Our study supports the general finding in the AN literature of weak to borderline performance in visuo-spatial memory, as shown by AN Cluster 2. However, executive functions, namely inhibition, cognitive flexibility, and planning, did not emerge as weaknesses relative to normative data, as evidenced by the average performance seen across all AN clusters. Some reviews (Lena et al., 2004; Zakzanis et al., 2010) have suggested poor verbal fluency in those with AN. However, in-line with a meta-analysis of verbal fluency in AN (Stedal et al., 2011), those in AN Cluster 3 (48% of the AN group) were distinguished by strong verbal skills. Verbal fluency in the remaining clusters was in the average range relative to population norms. Similar to Renwick et al. (2015), three distinct clusters emerged from a sample of AN patients based on neuropsychological performance. Two measures used in their study were also used in this study—the Brixton task and central coherence based on the Rey. Interestingly, the lowest scores on both of these tasks across clusters in the Renwick study (−1.74 and −1.26, respectively) were much lower than those within this study (−0.53 and −0.30, respectively). Furthermore, the Central Coherence Index score in this study was significantly higher in those with AN compared to controls suggesting overall those with AN showed a greater degree of efficient global processing than age-matched healthy peers, a finding that goes against the literature (Lang & Tchanturia, 2014c). This may suggest that age (or more specifically, illness chronicity) influenced neuropsychological functioning, either as a state or trait phenomenon, that is, limited its development. Supporting evidence for this comes from Shott et al. (2012), who report that duration of illness affects onset-shifting ability. Regarding specific clinical characteristics, findings were generally consistent with those in the current literature. Several studies have shown a high degree of comorbidity with AN similarly identified within this study, for example, Godart et al. (2007). Our findings support the independence of neuropsychological weaknesses from symptom severity (Mikos et al., 2008) or weight status (Moser et al., 2003). Independence of clinical symptoms on neuropsychological performance between AN clusters was also found by Renwick et al. (2015). In terms of IQ, a systematic review suggested that individuals with AN performed in the high average range (Lopez, Stahl, & Tchanturia, 2010). It is apparent from our findings that within a large cohort of patients there was a range of IQ performance from average to high average.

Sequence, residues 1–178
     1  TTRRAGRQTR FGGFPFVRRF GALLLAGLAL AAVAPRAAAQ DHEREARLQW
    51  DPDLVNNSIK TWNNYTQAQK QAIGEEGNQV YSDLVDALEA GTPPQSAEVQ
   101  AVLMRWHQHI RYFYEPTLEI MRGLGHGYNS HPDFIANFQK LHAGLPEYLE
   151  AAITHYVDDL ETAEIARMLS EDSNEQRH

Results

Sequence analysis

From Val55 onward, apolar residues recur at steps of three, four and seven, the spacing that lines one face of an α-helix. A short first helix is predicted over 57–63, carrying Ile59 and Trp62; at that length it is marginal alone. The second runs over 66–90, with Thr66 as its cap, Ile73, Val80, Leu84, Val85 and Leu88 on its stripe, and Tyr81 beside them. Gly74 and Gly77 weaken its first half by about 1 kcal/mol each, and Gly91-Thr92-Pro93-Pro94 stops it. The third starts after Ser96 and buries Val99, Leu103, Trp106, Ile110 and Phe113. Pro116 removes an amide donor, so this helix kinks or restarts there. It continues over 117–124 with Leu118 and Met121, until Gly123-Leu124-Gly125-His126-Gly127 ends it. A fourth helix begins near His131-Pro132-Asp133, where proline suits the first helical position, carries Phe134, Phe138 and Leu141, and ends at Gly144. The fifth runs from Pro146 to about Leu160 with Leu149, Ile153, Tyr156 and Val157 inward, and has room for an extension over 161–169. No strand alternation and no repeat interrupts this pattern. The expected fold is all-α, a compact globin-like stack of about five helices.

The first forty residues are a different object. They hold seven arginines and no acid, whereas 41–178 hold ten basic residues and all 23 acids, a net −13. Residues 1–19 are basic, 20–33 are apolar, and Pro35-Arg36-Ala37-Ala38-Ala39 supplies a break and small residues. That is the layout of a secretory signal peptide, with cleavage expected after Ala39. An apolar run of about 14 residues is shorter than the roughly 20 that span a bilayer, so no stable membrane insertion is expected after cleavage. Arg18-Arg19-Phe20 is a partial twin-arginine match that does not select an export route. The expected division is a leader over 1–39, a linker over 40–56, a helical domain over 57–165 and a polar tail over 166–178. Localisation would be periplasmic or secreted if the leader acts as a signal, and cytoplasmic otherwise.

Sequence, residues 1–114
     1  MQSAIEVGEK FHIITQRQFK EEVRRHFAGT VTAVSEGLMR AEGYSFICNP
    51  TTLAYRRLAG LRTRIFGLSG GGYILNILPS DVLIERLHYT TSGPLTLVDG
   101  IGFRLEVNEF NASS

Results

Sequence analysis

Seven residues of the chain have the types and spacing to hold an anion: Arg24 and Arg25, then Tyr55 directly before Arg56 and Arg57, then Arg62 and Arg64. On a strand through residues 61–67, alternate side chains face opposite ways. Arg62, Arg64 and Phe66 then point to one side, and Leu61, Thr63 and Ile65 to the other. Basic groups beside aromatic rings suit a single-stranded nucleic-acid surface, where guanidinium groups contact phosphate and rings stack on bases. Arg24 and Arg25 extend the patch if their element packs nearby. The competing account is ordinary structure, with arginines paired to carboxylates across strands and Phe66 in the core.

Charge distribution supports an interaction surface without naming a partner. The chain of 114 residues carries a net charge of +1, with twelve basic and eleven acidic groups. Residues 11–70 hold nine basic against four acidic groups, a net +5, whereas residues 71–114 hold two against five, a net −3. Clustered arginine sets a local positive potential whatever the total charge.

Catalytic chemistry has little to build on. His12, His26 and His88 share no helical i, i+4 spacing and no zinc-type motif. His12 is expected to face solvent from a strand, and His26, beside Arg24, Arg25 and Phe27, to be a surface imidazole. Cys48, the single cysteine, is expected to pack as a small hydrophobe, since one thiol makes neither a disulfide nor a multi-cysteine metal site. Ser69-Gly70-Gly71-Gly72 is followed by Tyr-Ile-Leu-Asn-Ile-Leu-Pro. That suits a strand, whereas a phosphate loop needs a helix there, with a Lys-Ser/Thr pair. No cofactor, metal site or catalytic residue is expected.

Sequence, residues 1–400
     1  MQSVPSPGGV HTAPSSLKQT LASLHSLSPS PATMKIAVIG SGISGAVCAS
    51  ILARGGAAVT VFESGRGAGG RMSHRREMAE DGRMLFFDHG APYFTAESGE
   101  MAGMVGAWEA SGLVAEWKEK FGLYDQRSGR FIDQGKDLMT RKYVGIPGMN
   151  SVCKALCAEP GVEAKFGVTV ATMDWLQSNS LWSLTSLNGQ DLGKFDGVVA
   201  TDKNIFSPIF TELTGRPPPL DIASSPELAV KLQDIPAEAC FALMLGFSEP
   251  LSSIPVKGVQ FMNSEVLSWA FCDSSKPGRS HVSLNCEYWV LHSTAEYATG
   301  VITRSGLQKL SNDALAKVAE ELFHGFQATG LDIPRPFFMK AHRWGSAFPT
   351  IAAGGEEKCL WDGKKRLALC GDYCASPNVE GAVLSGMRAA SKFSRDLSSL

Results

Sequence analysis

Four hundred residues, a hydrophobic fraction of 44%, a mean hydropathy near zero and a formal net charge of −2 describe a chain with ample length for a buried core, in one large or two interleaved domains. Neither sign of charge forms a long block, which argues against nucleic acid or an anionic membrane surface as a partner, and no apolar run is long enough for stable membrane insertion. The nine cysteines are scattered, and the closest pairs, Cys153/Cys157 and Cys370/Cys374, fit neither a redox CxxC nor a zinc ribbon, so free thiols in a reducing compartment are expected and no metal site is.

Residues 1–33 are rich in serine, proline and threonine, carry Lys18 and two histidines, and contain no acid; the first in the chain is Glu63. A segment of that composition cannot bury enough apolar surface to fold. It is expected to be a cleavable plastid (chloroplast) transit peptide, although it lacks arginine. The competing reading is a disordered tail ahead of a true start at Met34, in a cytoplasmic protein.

The finding that planning and two measures of flexibility, TMT and Brixton, did not significantly predict AN cluster-group membership, despite all three showing significant post-hoc differences between AN and HC clusters, is particularly intriguing given the general consensus in the adult AN literature of weaknesses in these domains. This finding may in part be due to this study focusing on children and adolescents. For example, Reville et al. (2016) highlighted 15 studies that assessed the cognitive construct of decision-making and planning and found evidence of generally poorer performance in those with AN compared to controls. Zakzanis et al. (2010) found a medium effect size in their meta-analysis of problem solving studies (Cohen's d = 0.43, 95% confidence interval 0.07–0.79). In contrast, studies that have assessed planning ability in younger individuals with AN have shown TT scores to be within 1 SD of healthy population norms at pretreatment (Dahlgren, Lask, Landrø, & Ro, 2013), negative findings of gross impairments when compared to HCs (Dmitrzak-Weglarz et al., 2013) and that inefficient decision-making is independent of a diagnosis of AN (Fornasari et al., 2014). Regarding cognitive flexibility in adults with AN, a meta-analysis of 15 studies (Roberts et al., 2007; 2 included studies used adolescents) report generally poorer performance in those with AN compared to HCs (small-to-large effect sizes). However, a review by Zakzanis et al. (2010) report flexibility differences to be in the small-to-medium effect size range and suggest that previous research “…may have overemphasized the reliability of set-shifting impairments in patients with AN…” (p. 101). Similarly, Wu et al. (2014) reported a medium effect size for restricting type AN. This contrasts to reviews of set-shifting in younger populations which appear to find a lack of evidence of significant set-shifting differences between those with AN and HCs (Lang et al., 2014b; Westwood et al., 2016).